Skip to main content

Thank you for visiting You are using a browser version with limited support for CSS. To obtain the best experience, we recommend you use a more up to date browser (or turn off compatibility mode in Internet Explorer). In the meantime, to ensure continued support, we are displaying the site without styles and JavaScript.

Cardiotoxicity in a dish: new insights for personalized therapy

A recent study identifies differences in human induced pluripotent stem cell (hiPSC)-derived cardiomyocytes from patients with breast cancer who were treated with doxorubicin and either did or did not develop cardiotoxicity. The results open up new avenues for the development of personalized therapy and the prevention of cardiotoxicity.

This is a preview of subscription content, access via your institution

Access options

Buy article

Get time limited or full article access on ReadCube.


All prices are NET prices.

Figure 1: Cardiac hiPSCs can give indications as to the cardiotoxicity of doxorubicin.

Kim Caesar/Nature Publishing Group


  1. Ewer, M.S. & Ewer, S.M. Nat. Rev. Cardiol. 12, 547–558 (2015).

    CAS  Article  Google Scholar 

  2. Burridge, P.W. et al. Nat. Med. 22, 547–556 (2016).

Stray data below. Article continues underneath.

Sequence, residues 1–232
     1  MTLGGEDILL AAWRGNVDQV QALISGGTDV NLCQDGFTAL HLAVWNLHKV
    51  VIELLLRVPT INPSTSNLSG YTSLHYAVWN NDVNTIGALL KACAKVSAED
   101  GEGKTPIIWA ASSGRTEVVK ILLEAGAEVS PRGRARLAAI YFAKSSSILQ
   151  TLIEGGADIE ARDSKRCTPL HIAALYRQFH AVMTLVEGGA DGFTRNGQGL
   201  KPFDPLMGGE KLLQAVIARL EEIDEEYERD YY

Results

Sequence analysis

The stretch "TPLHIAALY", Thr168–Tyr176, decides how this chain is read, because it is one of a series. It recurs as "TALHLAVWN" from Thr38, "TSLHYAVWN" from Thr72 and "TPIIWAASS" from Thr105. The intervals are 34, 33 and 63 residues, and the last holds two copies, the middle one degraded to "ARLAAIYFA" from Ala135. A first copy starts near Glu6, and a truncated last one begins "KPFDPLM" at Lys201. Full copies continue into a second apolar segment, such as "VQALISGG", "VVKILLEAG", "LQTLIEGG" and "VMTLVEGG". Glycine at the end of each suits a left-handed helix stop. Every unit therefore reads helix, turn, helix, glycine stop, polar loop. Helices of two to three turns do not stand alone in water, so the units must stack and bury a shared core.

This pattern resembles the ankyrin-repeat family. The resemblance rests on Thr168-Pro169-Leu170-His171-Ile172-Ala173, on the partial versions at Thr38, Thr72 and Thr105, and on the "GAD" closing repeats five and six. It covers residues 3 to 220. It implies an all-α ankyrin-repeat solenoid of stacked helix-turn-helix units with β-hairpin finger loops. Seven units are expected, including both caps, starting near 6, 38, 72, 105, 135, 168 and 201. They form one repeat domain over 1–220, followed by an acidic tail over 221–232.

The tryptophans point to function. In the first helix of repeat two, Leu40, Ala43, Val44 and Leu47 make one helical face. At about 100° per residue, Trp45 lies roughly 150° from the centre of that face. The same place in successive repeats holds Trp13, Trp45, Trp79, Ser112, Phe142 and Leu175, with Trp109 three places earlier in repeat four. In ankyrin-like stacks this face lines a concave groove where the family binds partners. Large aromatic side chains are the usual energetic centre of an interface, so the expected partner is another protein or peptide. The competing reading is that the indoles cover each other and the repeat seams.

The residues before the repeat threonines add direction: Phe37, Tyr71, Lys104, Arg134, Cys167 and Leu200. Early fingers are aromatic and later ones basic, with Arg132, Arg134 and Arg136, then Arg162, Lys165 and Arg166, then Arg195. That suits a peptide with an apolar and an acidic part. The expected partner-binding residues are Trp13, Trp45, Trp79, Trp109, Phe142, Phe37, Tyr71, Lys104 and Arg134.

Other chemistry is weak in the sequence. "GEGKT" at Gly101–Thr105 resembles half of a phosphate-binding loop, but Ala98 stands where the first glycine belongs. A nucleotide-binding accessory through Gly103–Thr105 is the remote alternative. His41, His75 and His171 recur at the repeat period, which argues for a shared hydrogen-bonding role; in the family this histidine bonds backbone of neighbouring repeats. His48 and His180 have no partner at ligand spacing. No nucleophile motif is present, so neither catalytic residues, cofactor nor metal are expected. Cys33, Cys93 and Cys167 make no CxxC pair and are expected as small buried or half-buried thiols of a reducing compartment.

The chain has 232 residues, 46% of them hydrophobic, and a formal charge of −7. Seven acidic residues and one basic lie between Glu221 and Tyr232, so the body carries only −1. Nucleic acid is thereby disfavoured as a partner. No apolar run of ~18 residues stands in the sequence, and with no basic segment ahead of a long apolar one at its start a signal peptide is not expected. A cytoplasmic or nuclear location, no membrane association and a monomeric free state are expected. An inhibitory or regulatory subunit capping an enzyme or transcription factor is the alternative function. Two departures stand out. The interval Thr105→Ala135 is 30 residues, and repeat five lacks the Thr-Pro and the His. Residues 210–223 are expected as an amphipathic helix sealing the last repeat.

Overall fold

CAS  Article  Google Scholar 

  3. Burridge, P.W. et al. Nat. Methods 11, 855–860 (2014).

    CAS  Article  Google Scholar 

  4. Slamon, D.J. et al. N. Engl. J. Med. 344, 783–792 (2001).

    CAS  Article  Google Scholar 

Download references

Author information

Authors and Affiliations


Corresponding author

Correspondence to Timothy J Kamp.

Ethics declarations

Competing interests

T.J.K. is a consultant for Cellular Dynamics International.

Rights and permissions

Reprints and Permissions

About this article

Verify currency and authenticity via CrossMark

Cite this article

Biermann, M., Kamp, T. Cardiotoxicity in a dish: new insights for personalized therapy. Nat Med 22, 459–460 (2016).

Download citation

  • Published:

  • Issue Date:

  • DOI:

This article is cited by


Quick links

Nature Briefing: Cancer

Sign up for the Nature Briefing: Cancer newsletter — what matters in cancer research, free to your inbox weekly.

Get what matters in cancer research, free to your inbox weekly. Sign up for Nature Briefing: Cancer